As technology has slowly crept in almost every industry on the planet, companies have adopted new and innovative ways to transform their businesses and make their services more efficient. The healthcare sector has seen exponential growth, and we’re witnessing more and more scientific and medical breakthroughs thanks to modern advancements. But as hospitals, clinics and pharmacies embrace technological advancements by going paperless, using AI and leveraging big data, inevitably, the security and privacy of critical information come into play.
As more tasks and solutions become digitized, including payments, administrative work, and electronic medical devices and patient monitoring, new regulations need to be put in place to safeguard processes and key data. Uploading everything onto a cloud or a device has its perks, but without a proper security solution to prevent data from being compromised, systems can become vulnerable, with breaches bound to happen. This is where HIPAA comes in.
What does HIPAA stand for?
Before technology made its way into the healthcare industry, there wasn’t a standardized rule on how and why hospitals should protect critical data. With the introduction of the Health Insurance Portability and Accountability Act (HIPAA), an essential standardized system came to fruition. HIPAA requires that medical institutions take the necessary steps to safeguard patient data and follow a handful of rules and guidelines to fortify their security and privacy efforts. HIPAA was formed by the combined efforts of the Department of Health and Human Services and the Office for Civil Rights.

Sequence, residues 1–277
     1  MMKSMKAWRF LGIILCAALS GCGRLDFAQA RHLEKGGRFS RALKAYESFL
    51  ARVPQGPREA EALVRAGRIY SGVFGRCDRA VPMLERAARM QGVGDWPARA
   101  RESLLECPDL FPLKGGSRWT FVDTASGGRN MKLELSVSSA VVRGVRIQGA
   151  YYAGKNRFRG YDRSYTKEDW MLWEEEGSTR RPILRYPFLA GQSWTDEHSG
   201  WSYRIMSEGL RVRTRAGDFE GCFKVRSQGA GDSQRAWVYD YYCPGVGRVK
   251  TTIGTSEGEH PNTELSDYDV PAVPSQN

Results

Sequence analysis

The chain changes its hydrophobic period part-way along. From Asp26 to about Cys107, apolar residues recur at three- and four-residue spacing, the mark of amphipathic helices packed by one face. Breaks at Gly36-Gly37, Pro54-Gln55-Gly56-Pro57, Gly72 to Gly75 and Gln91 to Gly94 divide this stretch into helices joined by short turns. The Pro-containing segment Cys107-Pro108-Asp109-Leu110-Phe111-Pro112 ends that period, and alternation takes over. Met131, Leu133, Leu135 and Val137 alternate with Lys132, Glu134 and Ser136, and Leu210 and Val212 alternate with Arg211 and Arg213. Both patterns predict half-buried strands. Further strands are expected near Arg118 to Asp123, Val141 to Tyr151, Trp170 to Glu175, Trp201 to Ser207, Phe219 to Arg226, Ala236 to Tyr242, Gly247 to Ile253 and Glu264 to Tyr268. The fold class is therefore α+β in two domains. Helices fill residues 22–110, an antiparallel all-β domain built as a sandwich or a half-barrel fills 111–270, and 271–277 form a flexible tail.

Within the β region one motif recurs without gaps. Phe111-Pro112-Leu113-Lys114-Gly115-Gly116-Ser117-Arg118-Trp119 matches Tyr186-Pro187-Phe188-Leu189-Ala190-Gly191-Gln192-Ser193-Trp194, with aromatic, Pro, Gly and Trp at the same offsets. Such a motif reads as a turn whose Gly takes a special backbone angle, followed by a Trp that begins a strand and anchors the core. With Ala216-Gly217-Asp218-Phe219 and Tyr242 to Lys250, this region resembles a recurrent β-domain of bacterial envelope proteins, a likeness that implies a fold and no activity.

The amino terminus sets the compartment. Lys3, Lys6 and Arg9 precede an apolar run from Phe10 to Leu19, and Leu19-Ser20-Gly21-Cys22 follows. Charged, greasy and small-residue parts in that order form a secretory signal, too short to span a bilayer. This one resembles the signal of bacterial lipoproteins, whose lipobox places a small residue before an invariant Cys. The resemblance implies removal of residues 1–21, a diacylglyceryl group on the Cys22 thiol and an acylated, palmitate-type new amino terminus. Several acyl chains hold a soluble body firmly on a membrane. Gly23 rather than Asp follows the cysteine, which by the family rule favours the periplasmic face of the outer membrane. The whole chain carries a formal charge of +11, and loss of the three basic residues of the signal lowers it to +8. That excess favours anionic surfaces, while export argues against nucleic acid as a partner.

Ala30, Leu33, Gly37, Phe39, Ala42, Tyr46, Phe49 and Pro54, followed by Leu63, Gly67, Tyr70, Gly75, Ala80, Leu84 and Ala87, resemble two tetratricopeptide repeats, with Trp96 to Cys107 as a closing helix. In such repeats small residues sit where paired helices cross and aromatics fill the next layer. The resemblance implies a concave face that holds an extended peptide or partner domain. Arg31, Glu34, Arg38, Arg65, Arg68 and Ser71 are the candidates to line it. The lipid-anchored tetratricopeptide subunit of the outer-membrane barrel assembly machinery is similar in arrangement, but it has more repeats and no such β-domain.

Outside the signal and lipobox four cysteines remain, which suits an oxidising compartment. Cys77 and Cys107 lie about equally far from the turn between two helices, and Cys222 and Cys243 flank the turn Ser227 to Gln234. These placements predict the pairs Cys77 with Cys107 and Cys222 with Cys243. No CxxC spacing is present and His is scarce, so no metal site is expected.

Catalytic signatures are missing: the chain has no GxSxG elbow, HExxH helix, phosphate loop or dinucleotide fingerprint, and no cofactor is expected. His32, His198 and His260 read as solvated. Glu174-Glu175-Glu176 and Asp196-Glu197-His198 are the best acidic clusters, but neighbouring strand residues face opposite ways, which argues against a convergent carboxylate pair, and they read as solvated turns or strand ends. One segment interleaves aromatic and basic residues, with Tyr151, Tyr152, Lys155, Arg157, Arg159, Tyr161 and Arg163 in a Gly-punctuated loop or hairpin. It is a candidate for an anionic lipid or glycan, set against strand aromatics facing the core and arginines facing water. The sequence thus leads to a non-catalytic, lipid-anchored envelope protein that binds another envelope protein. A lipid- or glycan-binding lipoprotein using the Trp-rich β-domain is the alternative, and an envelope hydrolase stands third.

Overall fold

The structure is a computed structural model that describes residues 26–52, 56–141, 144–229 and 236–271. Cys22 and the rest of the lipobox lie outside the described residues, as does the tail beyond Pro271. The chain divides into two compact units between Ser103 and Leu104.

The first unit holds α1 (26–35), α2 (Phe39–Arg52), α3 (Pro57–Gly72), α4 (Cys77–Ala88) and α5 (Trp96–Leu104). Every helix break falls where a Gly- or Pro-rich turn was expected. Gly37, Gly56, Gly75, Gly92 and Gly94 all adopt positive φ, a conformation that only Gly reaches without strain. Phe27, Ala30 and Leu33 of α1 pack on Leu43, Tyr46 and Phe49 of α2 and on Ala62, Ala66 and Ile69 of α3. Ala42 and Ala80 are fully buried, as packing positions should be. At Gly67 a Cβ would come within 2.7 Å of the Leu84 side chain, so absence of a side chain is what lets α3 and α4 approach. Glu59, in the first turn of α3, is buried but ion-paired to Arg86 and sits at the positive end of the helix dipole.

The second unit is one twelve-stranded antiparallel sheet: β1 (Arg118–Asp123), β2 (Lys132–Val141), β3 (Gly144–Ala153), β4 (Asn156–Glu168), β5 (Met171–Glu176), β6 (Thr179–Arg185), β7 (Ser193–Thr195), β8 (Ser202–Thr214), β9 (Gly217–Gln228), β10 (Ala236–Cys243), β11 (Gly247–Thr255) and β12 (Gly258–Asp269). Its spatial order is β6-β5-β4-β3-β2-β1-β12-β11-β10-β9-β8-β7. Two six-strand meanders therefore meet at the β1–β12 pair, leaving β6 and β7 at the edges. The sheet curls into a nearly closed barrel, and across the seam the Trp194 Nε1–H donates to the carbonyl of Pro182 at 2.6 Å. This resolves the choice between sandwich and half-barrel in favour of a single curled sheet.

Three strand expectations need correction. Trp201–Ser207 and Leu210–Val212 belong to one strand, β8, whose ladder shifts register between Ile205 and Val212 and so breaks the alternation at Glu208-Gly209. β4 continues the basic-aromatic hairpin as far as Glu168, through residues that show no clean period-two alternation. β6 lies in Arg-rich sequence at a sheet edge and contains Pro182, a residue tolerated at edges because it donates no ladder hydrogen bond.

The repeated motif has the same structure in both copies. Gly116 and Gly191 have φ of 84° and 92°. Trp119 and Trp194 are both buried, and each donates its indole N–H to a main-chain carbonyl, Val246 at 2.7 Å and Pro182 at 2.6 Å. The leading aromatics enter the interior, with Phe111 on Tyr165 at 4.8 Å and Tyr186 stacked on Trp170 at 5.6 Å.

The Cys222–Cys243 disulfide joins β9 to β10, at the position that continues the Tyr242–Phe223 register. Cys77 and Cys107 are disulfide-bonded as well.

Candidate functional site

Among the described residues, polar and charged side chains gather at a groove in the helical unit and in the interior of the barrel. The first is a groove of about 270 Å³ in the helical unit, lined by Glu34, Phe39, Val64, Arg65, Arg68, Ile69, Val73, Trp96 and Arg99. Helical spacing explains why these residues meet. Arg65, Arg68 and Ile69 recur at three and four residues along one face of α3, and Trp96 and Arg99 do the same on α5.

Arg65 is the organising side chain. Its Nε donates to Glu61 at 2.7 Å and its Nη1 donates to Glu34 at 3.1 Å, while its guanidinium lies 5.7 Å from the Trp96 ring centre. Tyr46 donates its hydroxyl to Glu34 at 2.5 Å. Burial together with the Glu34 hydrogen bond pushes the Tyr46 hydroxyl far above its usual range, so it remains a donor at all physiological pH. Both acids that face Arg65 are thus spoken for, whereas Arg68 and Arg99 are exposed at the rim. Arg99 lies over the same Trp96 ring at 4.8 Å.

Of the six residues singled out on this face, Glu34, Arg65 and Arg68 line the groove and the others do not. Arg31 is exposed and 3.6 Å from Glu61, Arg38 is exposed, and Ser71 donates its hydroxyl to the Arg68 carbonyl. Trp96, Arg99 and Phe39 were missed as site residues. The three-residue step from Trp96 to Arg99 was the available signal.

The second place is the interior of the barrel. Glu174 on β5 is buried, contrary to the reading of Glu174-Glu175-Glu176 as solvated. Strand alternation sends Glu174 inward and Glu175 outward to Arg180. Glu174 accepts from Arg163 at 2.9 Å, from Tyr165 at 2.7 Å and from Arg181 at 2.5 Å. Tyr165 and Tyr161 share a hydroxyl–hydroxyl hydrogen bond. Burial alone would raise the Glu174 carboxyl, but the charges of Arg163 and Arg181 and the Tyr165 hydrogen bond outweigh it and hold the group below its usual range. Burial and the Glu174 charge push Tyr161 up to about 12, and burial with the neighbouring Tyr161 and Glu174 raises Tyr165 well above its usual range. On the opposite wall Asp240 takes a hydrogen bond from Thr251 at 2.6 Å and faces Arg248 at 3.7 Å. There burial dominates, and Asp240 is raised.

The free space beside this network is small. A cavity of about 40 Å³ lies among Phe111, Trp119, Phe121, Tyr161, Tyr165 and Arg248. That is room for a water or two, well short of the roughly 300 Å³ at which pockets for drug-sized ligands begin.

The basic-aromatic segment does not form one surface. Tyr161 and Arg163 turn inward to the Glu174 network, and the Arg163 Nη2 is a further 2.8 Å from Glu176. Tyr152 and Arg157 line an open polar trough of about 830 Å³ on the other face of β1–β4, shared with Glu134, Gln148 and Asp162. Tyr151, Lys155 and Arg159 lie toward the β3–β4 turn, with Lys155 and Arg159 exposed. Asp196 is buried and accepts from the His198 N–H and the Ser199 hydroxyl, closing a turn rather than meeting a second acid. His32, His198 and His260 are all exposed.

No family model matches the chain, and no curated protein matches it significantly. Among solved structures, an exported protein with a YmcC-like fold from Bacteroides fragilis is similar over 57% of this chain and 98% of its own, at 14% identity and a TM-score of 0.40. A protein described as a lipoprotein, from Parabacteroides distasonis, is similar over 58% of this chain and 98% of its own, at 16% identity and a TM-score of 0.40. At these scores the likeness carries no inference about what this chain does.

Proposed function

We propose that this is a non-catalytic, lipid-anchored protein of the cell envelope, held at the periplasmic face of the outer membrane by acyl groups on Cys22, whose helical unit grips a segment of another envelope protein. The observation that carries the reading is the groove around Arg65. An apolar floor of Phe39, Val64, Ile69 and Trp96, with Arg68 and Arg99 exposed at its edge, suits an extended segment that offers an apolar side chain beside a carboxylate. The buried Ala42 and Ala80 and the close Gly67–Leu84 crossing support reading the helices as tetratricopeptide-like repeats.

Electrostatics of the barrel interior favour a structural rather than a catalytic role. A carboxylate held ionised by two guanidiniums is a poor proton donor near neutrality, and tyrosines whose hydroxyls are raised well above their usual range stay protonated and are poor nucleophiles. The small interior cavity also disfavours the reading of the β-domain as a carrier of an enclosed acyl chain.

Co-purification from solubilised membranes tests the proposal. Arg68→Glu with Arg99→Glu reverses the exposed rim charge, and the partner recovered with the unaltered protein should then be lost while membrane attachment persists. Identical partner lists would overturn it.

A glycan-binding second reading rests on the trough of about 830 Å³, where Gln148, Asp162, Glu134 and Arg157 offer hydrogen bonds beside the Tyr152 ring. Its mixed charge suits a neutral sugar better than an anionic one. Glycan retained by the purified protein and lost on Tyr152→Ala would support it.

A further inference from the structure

In this article, we’re going to explore what HIPAA is, what are its specific rules, how businesses can comply with these rules and regulations, and more. We’re not going to delve in all the details, as it is a complex matter; instead, we’re highlighting some key information that all healthcare businesses should consider. For more in-depth and detailed information, we suggest you consult a complete glossary on HIPAA.
Understanding HIPAA Compliance
In a nutshell, HIPAA was created to keep people’s healthcare data private. Healthcare businesses are mandatory to be HIPAA-compliant and keep Protected Health Information (PHI) safe and secure. PHI essentially refers to everyone’s medical data, and its contents are what HIPAA protects. The only people that have the right to access a person’s PHI data are doctors, nurses, insurance companies, and of course, the patient.
Business associates who work with healthcare institutions can also have access to PHI, but they are responsible for maintaining HIPAA compliance. This means that sharing key data is strictly prohibited outside of their business. At SMEDIX, with every solution we deliver we remain HIPAA-compliant, and always do our research to make sure we check every box. If you’re wondering how we tackle HIPAA compliance, head over to our services page to read more. But for now, let’s keep on exploring the specifics of HIPAA.
What does HIPAA protect?